Oh My Goat

Holy Goat Cheese, Sutton Grange


You don’t get to be award-winning cheesemakers without loving cheese. An overflowing trophy cabinet and legions of cheeseophile fans across Australia are evidence that Carla Meurs and Ann-Marie Monda, owners and cheesemakers at Holy Goat Cheese in Sutton Grange, truly love their work. But it’s quickly apparent that cheese is not the only thing they love about life on their 82-hectare farm.

 “One of the best things about making goats cheese is that you get to have a goatherd,” says Carla. “Goats are the most gorgeous animals – easy, friendly and they come to a call. They know us - the older goats will come over and acknowledge us whenever we’re in the paddock.”

 “I always say to people: if you’re feeling a bit down, just go out and hang out with the goatherd. You can’t feel bad when you have a herd of goats coming up to you and schmoozing you and wanting to be patted. They’re like a therapeutic community.”


Meurs and Monda bought their farm, a gorgeous undulating property with views to Mount Alexander, native grass pastures and an area of intact woodland, in 1999 with the express purpose of it becoming an organic goat dairy (they gained official organic certification in 2002). The former school teachers had worked with goats on farms in Ireland and Western Australia prior to  moving to Sutton Grange, so they’d done their research and knew they wanted to make cheese.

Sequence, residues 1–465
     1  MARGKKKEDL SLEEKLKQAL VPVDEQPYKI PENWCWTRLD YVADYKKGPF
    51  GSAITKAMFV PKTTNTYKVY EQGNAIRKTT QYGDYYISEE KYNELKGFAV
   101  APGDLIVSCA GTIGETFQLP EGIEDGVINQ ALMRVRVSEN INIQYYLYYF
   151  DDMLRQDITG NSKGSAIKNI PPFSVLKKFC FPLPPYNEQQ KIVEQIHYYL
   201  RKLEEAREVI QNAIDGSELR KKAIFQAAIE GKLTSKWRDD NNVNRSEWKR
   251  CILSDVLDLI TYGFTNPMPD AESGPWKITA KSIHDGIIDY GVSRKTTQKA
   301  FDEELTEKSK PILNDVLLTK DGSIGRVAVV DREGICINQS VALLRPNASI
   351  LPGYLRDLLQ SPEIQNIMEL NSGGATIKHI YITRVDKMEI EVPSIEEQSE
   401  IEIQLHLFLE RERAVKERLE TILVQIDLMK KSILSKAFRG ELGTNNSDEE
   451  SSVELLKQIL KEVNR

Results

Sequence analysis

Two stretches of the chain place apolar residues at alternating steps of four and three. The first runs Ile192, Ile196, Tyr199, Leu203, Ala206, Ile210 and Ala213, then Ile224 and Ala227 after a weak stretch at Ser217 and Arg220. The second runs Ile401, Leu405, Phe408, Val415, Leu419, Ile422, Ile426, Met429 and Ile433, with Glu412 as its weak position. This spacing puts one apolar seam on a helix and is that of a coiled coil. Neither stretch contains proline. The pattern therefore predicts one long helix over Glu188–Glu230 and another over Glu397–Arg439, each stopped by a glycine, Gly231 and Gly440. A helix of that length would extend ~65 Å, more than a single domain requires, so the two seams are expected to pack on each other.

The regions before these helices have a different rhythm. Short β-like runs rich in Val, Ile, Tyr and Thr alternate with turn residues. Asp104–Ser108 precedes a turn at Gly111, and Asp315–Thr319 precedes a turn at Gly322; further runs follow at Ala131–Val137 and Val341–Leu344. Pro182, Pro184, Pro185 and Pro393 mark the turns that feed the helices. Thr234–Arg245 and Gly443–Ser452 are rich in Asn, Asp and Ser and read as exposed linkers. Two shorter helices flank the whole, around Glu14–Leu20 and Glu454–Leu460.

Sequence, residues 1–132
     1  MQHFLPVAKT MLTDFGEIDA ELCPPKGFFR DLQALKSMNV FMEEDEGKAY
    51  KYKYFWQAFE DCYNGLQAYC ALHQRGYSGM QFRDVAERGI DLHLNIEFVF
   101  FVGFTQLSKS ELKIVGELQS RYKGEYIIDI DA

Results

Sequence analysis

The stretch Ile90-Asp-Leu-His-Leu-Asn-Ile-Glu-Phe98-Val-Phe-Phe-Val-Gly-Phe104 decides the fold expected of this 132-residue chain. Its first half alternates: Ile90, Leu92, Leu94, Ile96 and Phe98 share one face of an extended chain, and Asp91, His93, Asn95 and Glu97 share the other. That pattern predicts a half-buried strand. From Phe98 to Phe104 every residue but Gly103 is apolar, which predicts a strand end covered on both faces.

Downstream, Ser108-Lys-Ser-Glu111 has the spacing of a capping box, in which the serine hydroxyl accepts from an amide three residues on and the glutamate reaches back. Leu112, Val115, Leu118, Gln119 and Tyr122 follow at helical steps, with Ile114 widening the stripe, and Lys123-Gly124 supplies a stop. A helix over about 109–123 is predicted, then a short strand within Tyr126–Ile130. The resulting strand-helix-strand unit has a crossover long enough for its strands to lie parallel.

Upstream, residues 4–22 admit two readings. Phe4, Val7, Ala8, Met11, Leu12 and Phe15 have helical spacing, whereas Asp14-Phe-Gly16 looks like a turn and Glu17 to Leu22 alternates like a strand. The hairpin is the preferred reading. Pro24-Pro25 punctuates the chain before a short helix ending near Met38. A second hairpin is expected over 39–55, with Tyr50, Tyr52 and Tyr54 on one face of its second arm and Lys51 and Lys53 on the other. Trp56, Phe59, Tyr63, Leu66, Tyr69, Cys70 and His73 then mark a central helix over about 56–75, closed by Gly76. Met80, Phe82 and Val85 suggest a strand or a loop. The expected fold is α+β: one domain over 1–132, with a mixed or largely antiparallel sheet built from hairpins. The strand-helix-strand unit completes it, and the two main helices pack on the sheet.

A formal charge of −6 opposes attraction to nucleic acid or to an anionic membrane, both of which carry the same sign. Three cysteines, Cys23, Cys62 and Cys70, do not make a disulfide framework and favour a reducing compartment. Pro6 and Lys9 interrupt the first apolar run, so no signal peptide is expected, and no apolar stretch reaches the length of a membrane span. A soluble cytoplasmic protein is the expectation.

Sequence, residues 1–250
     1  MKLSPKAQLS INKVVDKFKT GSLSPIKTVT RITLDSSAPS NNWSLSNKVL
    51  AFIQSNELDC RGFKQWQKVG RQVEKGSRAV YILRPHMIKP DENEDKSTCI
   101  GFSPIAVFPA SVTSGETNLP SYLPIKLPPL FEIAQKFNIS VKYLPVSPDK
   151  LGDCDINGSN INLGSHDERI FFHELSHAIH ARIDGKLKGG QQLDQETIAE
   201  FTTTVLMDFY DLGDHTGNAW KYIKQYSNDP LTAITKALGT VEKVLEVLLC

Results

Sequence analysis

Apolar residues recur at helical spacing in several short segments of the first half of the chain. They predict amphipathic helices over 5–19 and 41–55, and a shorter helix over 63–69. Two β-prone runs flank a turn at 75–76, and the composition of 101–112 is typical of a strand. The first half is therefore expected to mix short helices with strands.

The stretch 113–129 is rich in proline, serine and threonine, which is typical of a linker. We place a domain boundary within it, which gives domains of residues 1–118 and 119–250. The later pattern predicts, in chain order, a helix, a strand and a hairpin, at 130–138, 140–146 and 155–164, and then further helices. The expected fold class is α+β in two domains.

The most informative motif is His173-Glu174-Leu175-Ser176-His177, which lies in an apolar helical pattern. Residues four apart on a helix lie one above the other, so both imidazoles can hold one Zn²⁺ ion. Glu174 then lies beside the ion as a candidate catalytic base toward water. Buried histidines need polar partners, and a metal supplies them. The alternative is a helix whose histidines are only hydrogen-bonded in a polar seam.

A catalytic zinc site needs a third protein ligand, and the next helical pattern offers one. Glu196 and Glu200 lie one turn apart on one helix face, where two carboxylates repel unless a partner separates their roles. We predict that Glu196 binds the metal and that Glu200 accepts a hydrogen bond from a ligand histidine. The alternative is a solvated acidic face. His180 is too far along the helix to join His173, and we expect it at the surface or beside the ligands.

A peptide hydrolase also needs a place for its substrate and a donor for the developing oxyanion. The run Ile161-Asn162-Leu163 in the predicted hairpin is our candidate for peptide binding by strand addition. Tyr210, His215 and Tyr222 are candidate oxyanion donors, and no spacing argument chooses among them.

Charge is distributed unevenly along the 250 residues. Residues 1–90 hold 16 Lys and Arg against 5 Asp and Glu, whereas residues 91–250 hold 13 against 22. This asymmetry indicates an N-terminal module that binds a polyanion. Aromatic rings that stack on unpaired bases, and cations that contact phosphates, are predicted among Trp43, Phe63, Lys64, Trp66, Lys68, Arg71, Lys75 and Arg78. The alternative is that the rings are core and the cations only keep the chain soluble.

So why goat cheese?

 “Goat milk is distinct and gives you different opportunities for cheesemaking than you get with cow milk,” says Carla. “The fat bubbles in goat milk are much finer so they don’t rise to the top which means you can get gorgeous texture with fermented cheese.”

 “We make a very particular, traditional style of cheese that the French developed,” says Carla. “It involves a long, slow 24-hour fermentation process that I think really captures the particular specialness of goat milk.”


The Holy Goat herd, free-ranging and usually kept at just under 100 goats, is milked twice a day, morning and evening. The milk is pasteurised and then turned into cheese within 24 hours. Meurs and Monda make four broad styles of cheese – fresh cheese, mature white mould, mature yeast rind and a brie-like penicillium camemberti cheese.

 They recently brought out a goat and cow milk cheese called Nectar (named best cheese in Australia in the 2018 delicious magazine Produce Awards) and are constantly refining the styles that have made their name, like the wrinkly-rinded La Luna. And they’re always on the lookout for new styles. It’s this process of learning – not just about cheese but about their goats and the land the herd grazes on – that keeps things vital for them.

 “We wanted to make a semi-hard cheese because it’s a different style of cheesemaking and it expands our own skill base,” says Carla. “We’re interested in the land, in planting trees, in the challenges of climate change. We’re not looking at spreadsheets about our finances endlessly – what drives us is that we’re continuously interested in learning and that’s what makes us love the farm and love what we do and where we live.”


Holy Goat Cheese

112 Sutton Grange-Redesdale Road,

Sutton Grange


eatSam PridmoreComment